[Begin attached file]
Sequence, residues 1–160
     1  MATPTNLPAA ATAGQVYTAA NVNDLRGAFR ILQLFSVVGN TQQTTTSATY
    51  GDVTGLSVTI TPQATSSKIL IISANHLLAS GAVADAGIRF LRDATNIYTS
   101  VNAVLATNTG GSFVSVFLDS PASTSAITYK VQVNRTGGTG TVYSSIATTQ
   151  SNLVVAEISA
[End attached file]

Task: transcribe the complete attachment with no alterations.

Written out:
Sequence, residues 1–160
     1  MATPTNLPAA ATAGQVYTAA NVNDLRGAFR ILQLFSVVGN TQQTTTSATY
    51  GDVTGLSVTI TPQATSSKIL IISANHLLAS GAVADAGIRF LRDATNIYTS
   101  VNAVLATNTG GSFVSVFLDS PASTSAITYK VQVNRTGGTG TVYSSIATTQ
   151  SNLVVAEISA